can result from two different factors: internal or lenticular cylinder and flexure. A quick way to identify the root cause is by performing topography over the scleral lens. If there is astigmatism detected over the lens, flexure is the culprit. However, in a well-fitted lens, if there is no astigmatism noted on topography over the lens, then the cause of residual astigmatism is true lenticular astigmatism. In cases of true lenticular cylinder, front surface toricity can help correct the refractive issue.
Another option to minimize flexure is by altering lens thickness, however, it does reduce oxygen transmissibility to the cornea which should be taken into consideration.1,5,6
is a bilateral, asymmetric, progressive ectasia that results in corneal steepening and irregular astigmatism.7,8
Corneal steepening secondary to ectasia results in irregular astigmatism,9
reduced visual acuity,9
and increased visual distortions that can be corrected with non-surgical methods such as scleral lenses. In such cases, since the ectasia is centered or slightly inferiorly decentered, starting with a prolate scleral lens design can help achieve clearance over the central cornea and vault the ectasia.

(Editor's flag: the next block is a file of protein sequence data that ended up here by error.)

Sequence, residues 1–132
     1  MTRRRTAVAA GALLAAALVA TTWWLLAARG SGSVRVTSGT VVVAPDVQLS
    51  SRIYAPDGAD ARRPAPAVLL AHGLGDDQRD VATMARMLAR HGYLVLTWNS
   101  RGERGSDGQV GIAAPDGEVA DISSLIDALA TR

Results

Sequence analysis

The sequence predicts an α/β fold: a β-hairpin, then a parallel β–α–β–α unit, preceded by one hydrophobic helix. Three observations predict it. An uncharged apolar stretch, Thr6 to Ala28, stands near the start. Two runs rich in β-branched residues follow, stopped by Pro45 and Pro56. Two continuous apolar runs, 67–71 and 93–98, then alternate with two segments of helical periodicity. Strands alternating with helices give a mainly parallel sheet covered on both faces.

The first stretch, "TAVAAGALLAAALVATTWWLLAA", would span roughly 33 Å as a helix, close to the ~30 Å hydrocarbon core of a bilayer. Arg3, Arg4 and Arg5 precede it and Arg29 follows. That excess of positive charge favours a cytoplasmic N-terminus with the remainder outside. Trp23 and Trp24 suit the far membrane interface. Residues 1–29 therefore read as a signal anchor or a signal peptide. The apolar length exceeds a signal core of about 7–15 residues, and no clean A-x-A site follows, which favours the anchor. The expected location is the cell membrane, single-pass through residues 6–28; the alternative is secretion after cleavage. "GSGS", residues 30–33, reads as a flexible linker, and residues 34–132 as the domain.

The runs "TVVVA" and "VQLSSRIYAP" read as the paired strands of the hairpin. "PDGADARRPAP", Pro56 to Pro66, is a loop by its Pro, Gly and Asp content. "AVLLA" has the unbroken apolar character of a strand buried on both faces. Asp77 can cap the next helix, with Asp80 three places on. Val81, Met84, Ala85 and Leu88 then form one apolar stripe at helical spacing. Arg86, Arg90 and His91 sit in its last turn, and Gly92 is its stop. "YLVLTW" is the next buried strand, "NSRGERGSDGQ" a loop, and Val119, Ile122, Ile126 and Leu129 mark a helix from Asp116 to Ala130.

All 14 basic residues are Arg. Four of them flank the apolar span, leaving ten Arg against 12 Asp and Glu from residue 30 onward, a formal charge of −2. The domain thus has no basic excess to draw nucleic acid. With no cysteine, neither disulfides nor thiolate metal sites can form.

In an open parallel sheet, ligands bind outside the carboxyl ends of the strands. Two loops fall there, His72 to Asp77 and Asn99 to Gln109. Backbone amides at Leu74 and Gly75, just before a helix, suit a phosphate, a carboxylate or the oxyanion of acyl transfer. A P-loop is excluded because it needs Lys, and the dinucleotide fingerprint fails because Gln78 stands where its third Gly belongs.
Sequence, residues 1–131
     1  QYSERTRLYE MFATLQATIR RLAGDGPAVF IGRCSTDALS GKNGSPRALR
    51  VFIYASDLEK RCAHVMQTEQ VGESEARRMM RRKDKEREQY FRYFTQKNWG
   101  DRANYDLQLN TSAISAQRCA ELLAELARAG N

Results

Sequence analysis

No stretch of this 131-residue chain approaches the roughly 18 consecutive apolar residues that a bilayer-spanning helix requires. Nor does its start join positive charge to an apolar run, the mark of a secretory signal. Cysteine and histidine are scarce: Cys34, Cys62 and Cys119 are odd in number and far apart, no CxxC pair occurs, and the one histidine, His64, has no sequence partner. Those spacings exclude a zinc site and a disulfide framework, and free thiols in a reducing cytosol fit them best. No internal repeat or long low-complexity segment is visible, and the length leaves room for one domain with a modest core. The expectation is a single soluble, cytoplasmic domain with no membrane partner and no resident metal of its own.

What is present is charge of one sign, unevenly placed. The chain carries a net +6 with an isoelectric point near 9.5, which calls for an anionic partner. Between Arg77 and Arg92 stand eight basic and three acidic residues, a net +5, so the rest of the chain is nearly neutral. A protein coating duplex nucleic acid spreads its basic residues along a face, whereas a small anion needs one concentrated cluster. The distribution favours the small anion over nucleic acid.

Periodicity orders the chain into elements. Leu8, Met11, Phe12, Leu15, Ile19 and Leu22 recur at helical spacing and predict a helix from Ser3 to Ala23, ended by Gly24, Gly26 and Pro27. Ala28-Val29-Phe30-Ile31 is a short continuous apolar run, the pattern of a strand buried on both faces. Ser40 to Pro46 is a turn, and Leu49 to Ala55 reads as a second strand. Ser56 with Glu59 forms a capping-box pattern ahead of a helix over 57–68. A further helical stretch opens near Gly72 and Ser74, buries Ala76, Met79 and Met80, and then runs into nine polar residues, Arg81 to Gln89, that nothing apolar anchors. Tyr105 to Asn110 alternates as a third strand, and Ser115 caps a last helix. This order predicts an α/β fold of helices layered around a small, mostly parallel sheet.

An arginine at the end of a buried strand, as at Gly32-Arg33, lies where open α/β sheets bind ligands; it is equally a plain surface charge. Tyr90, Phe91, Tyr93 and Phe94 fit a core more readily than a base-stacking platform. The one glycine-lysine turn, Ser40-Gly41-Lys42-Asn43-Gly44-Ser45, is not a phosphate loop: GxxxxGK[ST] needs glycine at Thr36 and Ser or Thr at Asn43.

The patient in Figure 4 presented with an advanced case of Pellucid Marginal Corneal Degeneration (PMD) significant corneal thinning inferiorly.
It typically presents as a bilateral, progressive condition that results in inferior peripheral corneal thinning 1-2 mm from the limbus, extending from 4-8 o’ clock.10,11 Corneal topography resembles a “butterfly” pattern with against-the-rule astigmatism.10,11 Since, the ectasia is typically peripheral, a common problem noted with corneal gas permeable lenses is the inferior decentration of the lens, in such cases using an oblate scleral lens design can help in achieving clearance over the ectasia. In advanced cases of ectasia, a large diameter scleral lens can help achieve sufficient clearance over the mid-peripheral elevations.